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Curr Hypertens Rep. 2009 Apr;11(2):127-32.

Ethnic, gender, and age-related differences in patients with the metabolic syndrome.

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Department of Community and Preventive Medicine, Mount Sinai School of Medicine, One Gustave L. Levy Place, Box 1057, New York, NY 10029, USA.


The metabolic syndrome is a clustering of cardiovascular risk factors and is associated with an increased risk of developing diabetes, cardiovascular disease, and kidney disease. Epidemiologic studies have demonstrated differences in prevalence by age, gender, and ethnicity. The prevalence of the metabolic syndrome increases with age through the sixth decade of life among men and seventh decade among women. Most, but not all, studies reported a higher prevalence of the metabolic syndrome among women compared with men. Although the metabolic syndrome is more common among Mexican Americans compared with non-Hispanic whites and blacks, among men the metabolic syndrome is more common among non-Hispanic whites than non-Hispanic blacks; the reverse is true among women. Understanding the basic pathophysiology underlying the metabolic syndrome may help explain the age, gender, and ethnic differences in its prevalence and guide preventive and therapeutic efforts.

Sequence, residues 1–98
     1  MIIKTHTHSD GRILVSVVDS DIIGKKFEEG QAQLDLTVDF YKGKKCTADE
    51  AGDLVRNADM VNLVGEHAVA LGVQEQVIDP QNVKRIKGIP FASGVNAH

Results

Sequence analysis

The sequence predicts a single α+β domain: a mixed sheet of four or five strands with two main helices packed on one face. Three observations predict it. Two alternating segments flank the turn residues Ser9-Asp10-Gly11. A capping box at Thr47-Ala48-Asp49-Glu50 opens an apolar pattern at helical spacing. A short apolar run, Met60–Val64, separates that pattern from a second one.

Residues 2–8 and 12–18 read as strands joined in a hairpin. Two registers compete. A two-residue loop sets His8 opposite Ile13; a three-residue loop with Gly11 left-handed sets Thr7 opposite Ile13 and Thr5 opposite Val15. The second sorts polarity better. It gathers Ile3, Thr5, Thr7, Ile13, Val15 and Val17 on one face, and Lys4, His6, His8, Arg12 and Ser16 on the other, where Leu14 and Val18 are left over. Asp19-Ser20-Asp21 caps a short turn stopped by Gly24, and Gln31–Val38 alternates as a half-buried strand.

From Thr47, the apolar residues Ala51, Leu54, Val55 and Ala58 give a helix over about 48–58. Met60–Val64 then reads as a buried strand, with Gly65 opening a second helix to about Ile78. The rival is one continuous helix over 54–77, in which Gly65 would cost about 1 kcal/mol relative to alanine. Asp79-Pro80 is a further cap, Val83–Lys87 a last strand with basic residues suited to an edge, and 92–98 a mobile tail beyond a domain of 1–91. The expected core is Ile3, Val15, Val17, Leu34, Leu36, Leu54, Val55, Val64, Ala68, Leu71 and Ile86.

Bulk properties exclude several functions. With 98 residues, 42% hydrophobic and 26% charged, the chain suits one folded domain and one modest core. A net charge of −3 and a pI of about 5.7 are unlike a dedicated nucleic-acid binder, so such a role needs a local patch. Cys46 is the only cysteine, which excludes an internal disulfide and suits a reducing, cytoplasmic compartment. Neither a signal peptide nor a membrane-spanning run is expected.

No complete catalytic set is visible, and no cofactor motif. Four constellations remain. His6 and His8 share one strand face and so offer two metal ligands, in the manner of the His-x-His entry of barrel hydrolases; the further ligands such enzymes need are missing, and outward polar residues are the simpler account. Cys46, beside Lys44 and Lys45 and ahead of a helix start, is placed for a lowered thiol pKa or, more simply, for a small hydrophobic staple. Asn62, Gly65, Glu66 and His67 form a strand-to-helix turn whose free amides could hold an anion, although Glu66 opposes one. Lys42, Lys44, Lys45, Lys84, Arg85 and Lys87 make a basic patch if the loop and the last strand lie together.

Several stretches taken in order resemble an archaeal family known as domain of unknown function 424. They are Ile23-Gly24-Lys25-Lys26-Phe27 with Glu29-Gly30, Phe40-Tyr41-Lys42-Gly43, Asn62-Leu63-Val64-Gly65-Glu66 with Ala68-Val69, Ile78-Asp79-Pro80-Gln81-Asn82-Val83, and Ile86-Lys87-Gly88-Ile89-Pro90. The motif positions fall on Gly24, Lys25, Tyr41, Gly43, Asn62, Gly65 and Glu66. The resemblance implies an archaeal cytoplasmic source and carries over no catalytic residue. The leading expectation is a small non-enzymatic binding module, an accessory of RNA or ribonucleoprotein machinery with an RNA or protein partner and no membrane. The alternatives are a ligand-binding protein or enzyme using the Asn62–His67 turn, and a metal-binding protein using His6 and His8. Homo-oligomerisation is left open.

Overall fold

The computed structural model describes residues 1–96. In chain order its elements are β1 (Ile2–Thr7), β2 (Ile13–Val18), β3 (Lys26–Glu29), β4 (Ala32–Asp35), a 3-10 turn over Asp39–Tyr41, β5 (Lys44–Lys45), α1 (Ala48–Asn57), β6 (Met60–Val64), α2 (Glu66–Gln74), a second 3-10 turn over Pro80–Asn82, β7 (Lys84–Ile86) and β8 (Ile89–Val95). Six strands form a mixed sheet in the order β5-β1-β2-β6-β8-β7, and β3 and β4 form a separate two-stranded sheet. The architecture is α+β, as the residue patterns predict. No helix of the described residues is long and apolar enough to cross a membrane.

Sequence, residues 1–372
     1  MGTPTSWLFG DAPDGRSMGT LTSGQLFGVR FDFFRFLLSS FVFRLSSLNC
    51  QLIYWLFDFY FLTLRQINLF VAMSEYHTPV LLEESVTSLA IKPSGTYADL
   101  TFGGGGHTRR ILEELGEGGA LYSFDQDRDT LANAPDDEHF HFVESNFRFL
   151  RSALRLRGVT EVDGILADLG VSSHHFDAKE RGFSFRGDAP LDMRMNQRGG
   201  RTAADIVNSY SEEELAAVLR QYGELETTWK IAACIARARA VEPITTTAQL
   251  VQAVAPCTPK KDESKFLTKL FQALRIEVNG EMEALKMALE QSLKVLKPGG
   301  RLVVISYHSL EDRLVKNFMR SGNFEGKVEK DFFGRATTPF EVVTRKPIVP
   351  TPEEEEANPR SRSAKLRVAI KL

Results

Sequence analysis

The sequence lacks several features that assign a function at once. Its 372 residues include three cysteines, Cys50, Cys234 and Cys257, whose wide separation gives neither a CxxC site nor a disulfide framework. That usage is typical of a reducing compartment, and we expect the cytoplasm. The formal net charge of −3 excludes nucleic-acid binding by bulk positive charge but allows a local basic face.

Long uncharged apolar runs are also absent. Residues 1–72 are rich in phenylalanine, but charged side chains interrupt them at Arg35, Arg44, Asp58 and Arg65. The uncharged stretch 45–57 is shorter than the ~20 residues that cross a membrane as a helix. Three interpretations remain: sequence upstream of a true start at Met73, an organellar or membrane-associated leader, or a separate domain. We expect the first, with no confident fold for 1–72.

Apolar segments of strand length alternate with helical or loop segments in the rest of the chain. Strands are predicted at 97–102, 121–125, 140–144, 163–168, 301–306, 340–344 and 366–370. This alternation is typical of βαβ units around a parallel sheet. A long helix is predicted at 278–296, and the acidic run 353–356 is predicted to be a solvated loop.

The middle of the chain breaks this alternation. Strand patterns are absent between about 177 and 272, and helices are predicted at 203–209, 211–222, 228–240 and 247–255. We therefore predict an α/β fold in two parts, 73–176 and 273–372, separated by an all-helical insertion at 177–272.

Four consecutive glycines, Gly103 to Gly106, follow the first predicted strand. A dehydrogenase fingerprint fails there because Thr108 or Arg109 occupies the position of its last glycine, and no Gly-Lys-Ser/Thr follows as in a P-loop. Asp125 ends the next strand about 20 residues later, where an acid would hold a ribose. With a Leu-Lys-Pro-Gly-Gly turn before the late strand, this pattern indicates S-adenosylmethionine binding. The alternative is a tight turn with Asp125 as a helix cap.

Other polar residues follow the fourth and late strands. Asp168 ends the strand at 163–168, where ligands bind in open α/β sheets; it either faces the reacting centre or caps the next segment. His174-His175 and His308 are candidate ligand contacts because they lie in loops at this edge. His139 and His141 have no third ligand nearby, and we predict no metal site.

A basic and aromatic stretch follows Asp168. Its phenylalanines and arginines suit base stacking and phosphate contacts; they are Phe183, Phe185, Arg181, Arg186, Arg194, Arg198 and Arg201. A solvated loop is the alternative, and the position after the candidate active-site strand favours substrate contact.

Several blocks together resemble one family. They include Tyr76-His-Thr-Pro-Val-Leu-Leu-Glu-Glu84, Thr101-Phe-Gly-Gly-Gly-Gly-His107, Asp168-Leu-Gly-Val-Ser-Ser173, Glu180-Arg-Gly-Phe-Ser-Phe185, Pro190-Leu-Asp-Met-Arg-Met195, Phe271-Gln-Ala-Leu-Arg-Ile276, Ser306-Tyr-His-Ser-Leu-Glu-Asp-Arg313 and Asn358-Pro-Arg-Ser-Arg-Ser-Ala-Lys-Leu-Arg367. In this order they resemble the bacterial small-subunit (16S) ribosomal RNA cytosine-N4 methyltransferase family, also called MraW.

[Indexed for MEDLINE]

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